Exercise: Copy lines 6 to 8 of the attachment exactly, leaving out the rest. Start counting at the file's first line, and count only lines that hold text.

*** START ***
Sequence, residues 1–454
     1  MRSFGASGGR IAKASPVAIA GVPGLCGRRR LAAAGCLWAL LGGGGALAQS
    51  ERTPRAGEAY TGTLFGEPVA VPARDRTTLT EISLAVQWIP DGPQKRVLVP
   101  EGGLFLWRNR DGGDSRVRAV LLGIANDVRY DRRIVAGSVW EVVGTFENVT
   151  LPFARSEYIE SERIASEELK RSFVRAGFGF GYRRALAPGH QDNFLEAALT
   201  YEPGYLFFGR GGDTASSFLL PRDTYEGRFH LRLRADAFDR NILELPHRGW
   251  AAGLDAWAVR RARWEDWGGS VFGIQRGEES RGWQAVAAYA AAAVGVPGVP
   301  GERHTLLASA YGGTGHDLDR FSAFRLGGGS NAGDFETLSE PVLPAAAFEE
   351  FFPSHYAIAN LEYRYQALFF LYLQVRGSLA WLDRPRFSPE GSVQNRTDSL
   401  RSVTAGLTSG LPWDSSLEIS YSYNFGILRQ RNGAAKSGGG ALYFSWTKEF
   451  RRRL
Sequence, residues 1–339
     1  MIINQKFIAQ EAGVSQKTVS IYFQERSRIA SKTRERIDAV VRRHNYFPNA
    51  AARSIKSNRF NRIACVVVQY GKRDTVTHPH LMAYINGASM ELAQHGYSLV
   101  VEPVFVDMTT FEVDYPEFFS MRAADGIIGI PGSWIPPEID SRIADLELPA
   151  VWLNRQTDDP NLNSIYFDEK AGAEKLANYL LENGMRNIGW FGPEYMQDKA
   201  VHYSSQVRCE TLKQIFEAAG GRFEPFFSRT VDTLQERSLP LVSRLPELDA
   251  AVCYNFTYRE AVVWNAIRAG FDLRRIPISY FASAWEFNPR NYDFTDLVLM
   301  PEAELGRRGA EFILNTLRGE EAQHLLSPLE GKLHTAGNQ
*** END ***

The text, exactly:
   201  YEPGYLFFGR GGDTASSFLL PRDTYEGRFH LRLRADAFDR NILELPHRGW
   251  AAGLDAWAVR RARWEDWGGS VFGIQRGEES RGWQAVAAYA AAAVGVPGVP
   301  GERHTLLASA YGGTGHDLDR FSAFRLGGGS NAGDFETLSE PVLPAAAFEE